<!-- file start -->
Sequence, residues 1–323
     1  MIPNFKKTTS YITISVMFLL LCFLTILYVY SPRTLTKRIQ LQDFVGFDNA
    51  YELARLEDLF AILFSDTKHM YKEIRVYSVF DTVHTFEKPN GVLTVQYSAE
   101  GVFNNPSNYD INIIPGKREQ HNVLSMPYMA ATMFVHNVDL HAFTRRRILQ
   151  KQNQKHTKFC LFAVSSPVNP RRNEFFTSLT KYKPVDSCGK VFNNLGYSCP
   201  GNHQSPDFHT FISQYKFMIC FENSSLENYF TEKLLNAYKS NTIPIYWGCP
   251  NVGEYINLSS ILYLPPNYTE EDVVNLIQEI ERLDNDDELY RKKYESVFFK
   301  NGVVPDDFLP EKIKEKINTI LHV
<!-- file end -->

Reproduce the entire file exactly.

Sequence, residues 1–323
     1  MIPNFKKTTS YITISVMFLL LCFLTILYVY SPRTLTKRIQ LQDFVGFDNA
    51  YELARLEDLF AILFSDTKHM YKEIRVYSVF DTVHTFEKPN GVLTVQYSAE
   101  GVFNNPSNYD INIIPGKREQ HNVLSMPYMA ATMFVHNVDL HAFTRRRILQ
   151  KQNQKHTKFC LFAVSSPVNP RRNEFFTSLT KYKPVDSCGK VFNNLGYSCP
   201  GNHQSPDFHT FISQYKFMIC FENSSLENYF TEKLLNAYKS NTIPIYWGCP
   251  NVGEYINLSS ILYLPPNYTE EDVVNLIQEI ERLDNDDELY RKKYESVFFK
   301  NGVVPDDFLP EKIKEKINTI LHV